Compatible with: Backpackinglight.co.uk Honey Stove,
|Weight Side Panels||2 x 42 g||2 x 18 g|
|Weight Base Plate||112 g||48 g|
|Weight Top Grill||43 g||43 g|
2 side panels / large 8-sided base plate / 180 x 180 mm top mesh food grade stainless steel grill in a tough bag large enough to store flint and steel and tinder
An ingenious way of increasing the size of the Honeystove to extend the cooking coverage to incorporate larger pots, bigger groups, and a more social chill around a contained fire.
- No moving parts—slots together
- Larger capacity
- Can be fiddly to assemble
- Extra weight
- Titanium version is expensive
I've been a big fan of the Honeystove for years. It was the first wood-burning stove I owned and it is the one I keep coming back to. I have both the stainless steel and titanium versions. These are great for solo trips but I found that I needed more grill space when cooking for two or more people.
Luckily, Bob at Backpacking Light (UK) had similar experiences so he designed an "expansion kit" which increases the number of panels from six for the original hexagonal configuration to eight to create an octagon. The grill is 7 by 7 inches (as opposed to 6 by 6 inches for the Honeystove). The extra space means I can fit larger pots comfortably and there's enough room on the grill for four burgers. I have been using mine regularly for several years and it looks as good as the day I first used it.
The kit consists of two extra panels, an octagonal base, and the 7-by-7-inch grill already mentioned. My MSR Titan pans fit on it well, as do my MSR Alpine Stowaway pots. I have successfully cooked bread, stews, and curries as well as grilled burgers thanks to the increased capacity.
The only drawbacks are that it is more fiddly to put together than the Honeystove, so patience is required! Then there's the extra weight. To use a Trangia burner you would need to convert back to the Honeystove configuration as the attachment will not fit. That being said, it isn't really designed to be used in this way. Finally, the bottom panel is susceptible to more warping due to the increased size.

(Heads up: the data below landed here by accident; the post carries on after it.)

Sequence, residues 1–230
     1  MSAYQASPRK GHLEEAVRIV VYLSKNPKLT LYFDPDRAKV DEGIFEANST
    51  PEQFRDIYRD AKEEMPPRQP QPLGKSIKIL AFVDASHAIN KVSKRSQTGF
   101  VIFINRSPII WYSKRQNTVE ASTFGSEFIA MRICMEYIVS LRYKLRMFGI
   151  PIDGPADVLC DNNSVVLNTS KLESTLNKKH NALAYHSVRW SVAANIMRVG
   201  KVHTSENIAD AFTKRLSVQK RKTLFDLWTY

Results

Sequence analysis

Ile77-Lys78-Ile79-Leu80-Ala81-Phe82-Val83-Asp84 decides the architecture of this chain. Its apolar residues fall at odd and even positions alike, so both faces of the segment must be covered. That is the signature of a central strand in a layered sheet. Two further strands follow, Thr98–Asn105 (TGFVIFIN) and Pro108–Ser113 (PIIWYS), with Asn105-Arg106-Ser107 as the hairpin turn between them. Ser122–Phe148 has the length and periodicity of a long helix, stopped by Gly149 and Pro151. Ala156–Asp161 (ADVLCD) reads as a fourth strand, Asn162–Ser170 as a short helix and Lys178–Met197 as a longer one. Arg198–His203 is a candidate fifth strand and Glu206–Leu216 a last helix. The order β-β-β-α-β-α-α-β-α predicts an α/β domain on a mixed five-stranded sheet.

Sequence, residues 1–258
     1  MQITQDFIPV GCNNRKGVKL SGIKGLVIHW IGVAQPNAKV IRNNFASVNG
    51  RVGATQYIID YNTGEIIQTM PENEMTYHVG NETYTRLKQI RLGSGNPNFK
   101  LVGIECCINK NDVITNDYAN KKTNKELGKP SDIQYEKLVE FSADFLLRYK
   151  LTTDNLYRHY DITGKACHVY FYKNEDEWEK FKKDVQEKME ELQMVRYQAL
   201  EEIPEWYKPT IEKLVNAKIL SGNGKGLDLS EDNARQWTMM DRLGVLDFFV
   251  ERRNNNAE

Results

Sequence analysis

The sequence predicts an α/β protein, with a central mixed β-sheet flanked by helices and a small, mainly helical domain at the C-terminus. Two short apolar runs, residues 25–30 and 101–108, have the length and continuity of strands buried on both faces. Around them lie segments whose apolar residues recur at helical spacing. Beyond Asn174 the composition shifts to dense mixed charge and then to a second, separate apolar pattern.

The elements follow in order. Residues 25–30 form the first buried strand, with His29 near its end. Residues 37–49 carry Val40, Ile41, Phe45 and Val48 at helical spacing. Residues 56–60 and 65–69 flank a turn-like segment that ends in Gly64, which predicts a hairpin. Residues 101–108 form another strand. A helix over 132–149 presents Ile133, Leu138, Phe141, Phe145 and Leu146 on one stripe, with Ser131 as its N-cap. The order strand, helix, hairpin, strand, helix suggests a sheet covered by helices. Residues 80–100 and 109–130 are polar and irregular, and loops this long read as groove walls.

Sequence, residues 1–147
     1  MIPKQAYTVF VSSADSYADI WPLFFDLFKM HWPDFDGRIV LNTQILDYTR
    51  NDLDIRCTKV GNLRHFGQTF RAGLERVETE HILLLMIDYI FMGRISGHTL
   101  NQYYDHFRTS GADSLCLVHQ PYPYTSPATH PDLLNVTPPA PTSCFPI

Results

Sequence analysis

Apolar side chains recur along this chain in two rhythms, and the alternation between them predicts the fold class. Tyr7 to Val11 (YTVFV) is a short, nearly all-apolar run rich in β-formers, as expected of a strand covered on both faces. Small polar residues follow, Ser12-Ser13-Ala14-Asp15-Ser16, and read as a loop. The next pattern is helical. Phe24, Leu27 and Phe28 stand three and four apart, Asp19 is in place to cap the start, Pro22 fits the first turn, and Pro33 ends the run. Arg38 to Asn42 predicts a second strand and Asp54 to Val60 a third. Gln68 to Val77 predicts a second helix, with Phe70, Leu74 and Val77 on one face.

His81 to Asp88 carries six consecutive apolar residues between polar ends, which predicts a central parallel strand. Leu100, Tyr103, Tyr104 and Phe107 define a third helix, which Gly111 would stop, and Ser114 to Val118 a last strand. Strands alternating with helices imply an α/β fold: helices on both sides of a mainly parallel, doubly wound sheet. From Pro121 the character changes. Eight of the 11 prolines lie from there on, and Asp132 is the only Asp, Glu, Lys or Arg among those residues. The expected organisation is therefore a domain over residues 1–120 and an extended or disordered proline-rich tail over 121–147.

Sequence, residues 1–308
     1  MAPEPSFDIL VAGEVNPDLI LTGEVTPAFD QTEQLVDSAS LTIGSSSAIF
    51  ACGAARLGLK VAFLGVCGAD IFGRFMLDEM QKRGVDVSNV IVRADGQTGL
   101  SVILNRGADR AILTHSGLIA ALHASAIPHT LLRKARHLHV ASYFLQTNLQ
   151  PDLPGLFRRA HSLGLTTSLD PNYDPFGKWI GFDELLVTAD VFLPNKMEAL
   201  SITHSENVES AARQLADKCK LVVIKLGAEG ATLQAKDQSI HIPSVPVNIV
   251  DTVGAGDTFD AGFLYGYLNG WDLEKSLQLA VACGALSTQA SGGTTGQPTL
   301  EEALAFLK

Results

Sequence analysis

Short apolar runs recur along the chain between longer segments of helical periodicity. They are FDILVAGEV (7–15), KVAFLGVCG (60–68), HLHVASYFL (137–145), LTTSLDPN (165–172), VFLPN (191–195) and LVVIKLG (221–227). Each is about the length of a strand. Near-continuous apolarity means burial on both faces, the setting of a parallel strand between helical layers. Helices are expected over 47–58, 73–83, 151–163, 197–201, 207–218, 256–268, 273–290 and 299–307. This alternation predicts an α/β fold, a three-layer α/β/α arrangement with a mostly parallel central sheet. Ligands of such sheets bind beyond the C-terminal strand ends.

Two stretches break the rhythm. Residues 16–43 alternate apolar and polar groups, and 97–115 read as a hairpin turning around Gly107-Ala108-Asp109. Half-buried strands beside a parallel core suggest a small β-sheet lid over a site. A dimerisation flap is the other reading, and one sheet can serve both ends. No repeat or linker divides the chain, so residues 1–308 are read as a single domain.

The design and configuration means the stove runs really hot compared to some, so cooking and boiling water is easy. It also means that flames can be controlled a little better in this configuration as larger and longer pieces of wood can be added. I actually found it worked better without the door panel (which I forgot on one trip!) as it was easier to feed the stove with larger sticks. As with any wood burner, make sure it is dry. Green wood just produces lots of smoke.
My next step is to get another one and run them side by side for even greater range (very large trout waiting in my freezer caught earlier in the year).
Over all, this is a clever design which gives the Honeystove even greater flexibility. There are many other stoves out there, but in my opinion this is the best one on the market in terms of value for money and efficiency. With no moving parts it will not fail. Whilst heavier than the titanium version, it is not so much heavier that the extra price tag for the titanium version is worth it.
One final observation—the bottom plate fit inside my Trangia stand perfectly and made an excellent base for my espresso coffee pot!
Backpacking, camping, and back garden BBQ. Cooked food, boiled water, made bread.
Bought from backpackinglight.co.uk
Source: bought it new
Price Paid: £23.99